2014's fast food atrocities
Burger King's black cheeseburger: Made with squid ink and bamboo charcoal, arguably a symbol of meat's destructive effect on the planet. Only available in Japan.
If President Obama expects Congress to pass a healthcare reform bill worth signing, he’d better grasp that “bipartisanship” is a means, not an end. After eight years of cheering themselves hoarse over one catastrophic Bush blunder after another, Republicans will start dealing with reality only when they’re afraid not to. Right now, it’s their talk-radio/Fox News-hypnotized base that’s got GOP congressmen running scared.
The White House ought to have learned from unanimous Republican opposition to the economic stimulus. “There’s no question in my view that Bush was the most fiscally irresponsible president in the history of the republic,” David M. Walker, Bush’s own comptroller general, recently told the Washington Post. Now he tells us. After helping their hero literally double the national debt, GOP congressmen then became stern “fiscal conservatives” in the face of the worst economic downturn since the Great Depression.
Many knew better, but they also knew the White House had the votes. Striking poses cost them nothing. Stimulus money found its way into their districts anyway. Remarkably, Obama failed to get the message. Seemingly preoccupied with the president’s image as a transformative figure, the White House keeps trying to negotiate with people who seek his political destruction.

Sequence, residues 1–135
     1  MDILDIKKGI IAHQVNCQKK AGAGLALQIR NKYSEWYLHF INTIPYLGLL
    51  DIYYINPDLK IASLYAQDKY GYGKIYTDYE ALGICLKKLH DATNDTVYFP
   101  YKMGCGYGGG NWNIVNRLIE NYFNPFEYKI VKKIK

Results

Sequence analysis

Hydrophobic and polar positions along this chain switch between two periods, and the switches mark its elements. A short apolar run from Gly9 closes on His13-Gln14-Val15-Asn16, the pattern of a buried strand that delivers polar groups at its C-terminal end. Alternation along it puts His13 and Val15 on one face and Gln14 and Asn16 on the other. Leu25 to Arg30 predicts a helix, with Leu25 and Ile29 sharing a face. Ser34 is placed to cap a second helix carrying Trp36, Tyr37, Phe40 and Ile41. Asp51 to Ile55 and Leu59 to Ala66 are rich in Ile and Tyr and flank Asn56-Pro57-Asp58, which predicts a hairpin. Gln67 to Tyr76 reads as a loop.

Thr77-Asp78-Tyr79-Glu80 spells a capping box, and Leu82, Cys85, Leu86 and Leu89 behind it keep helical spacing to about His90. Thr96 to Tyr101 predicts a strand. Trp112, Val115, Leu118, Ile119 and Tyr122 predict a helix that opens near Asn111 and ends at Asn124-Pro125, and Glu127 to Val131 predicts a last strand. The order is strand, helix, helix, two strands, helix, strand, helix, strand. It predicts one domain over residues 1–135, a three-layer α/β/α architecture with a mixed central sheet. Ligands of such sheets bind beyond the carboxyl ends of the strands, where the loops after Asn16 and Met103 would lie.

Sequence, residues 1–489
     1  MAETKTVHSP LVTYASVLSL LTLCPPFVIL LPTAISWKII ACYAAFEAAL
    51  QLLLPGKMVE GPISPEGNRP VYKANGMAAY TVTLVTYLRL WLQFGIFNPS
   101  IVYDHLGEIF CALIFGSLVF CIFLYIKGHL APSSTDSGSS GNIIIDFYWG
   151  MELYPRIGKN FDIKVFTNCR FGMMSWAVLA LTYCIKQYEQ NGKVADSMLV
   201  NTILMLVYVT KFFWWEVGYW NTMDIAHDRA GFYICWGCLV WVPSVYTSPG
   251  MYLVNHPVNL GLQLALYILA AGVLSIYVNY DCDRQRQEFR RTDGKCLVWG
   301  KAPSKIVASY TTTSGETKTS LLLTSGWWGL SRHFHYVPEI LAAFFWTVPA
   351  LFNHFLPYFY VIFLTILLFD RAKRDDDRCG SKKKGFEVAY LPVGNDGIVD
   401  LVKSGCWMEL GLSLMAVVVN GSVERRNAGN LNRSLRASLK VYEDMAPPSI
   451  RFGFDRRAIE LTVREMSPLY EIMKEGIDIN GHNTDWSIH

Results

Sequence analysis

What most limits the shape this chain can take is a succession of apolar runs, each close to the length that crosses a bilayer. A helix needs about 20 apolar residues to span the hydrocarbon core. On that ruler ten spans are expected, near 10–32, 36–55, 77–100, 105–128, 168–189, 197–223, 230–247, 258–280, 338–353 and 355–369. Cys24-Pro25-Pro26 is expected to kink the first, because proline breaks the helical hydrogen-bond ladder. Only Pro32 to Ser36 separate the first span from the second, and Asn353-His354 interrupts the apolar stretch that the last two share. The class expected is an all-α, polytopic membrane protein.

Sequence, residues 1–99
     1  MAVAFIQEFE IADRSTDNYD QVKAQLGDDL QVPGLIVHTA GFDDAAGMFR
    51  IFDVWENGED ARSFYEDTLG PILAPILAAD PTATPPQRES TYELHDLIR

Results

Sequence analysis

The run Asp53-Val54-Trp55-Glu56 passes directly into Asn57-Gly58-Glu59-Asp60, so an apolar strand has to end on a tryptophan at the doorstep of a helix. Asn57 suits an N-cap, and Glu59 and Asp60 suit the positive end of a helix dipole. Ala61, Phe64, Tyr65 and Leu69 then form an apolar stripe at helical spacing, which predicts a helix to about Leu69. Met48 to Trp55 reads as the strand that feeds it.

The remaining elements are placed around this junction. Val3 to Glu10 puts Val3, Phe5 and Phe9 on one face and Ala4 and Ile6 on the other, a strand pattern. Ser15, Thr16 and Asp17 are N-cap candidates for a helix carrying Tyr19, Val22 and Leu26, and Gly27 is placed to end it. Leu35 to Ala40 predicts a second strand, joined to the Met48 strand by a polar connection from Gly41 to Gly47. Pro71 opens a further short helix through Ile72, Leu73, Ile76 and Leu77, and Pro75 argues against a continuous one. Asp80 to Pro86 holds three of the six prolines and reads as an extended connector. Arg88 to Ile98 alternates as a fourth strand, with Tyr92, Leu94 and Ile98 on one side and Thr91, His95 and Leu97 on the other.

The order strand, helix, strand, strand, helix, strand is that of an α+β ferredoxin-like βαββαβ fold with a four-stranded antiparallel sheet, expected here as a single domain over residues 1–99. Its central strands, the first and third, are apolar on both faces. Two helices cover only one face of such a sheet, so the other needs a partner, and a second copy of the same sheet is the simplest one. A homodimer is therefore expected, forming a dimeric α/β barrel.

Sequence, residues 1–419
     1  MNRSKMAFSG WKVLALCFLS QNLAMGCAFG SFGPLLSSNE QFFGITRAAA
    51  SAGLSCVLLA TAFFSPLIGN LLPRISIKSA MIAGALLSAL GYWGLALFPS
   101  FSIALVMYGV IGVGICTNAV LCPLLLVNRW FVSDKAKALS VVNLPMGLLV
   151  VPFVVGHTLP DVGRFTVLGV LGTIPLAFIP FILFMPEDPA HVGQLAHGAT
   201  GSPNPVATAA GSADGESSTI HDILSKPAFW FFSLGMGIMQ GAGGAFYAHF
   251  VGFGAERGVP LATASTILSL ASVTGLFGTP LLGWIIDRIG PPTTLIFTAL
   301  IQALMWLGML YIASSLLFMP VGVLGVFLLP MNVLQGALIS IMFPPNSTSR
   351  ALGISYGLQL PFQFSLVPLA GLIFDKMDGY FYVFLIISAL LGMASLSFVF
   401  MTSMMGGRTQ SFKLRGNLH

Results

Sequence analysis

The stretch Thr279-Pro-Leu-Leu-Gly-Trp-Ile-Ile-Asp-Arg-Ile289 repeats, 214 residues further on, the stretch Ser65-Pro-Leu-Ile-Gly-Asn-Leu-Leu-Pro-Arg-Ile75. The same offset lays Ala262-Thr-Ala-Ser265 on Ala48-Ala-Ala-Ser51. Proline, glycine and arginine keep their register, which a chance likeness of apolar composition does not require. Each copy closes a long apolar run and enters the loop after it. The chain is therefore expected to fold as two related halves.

On healthcare reform, Obama has mainly his own high-minded fecklessness to blame. To alter the cliché, he hasn’t just brought a knife to a gunfight, he’s brought a cake knife. The GOP’s armed for war; he’s showed up with a multilayered birthday cake of a bill hardly anybody understands.
While insurance reform’s opponents peddle hysterical falsehoods, Obama counters with professorial explanations. Iowa Sen. Charles Grassley’s shameful endorsement of “death panels” should have taught Obama the futility of making nice.
Does being compared to Hitler annoy Obama? How can anybody tell? Did I say “bill”? Which bill? Only 37 percent of voters in a recent poll chose a correct definition of “public option” health insurance — slightly better than random guessing. More Americans know the GEICO gecko. Hence many congressional Democrats are leery of proposals their constituents don’t understand.
Even former GOP senator and presidential candidate Bob Dole tried to do the president a favor. “Obama’s approval numbers would jump 10 points,” he wrote in the Washington Post, “if Americans knew he was fully in charge.” He urged the White House to introduce its own bill and fight for its passage. You won’t hear this on TV, but Obama’s slumping approval numbers reflect that many Democrats now worry he’s a gutless wonder.
Historian Rick Perlstein (“Nixonland”) made a crucial point in an online exchange with readers frustrated by voters falling for crude GOP disinformation.
“You can’t ‘demand’ that people be more logical. Emotion is part of the human animal,” Perlstein wrote. “What I would have liked to have seen, as an advocate of healthcare reform, is for Obama and the rhetoric to combine rational appeals with emotional ones — like FDR and Truman and LBJ did so effectively in their own attempts to pass progressive legislation. They roused people in their lizard-brains, too, just for progressive ends … Truman made arguments in a very blunt, emotional style.”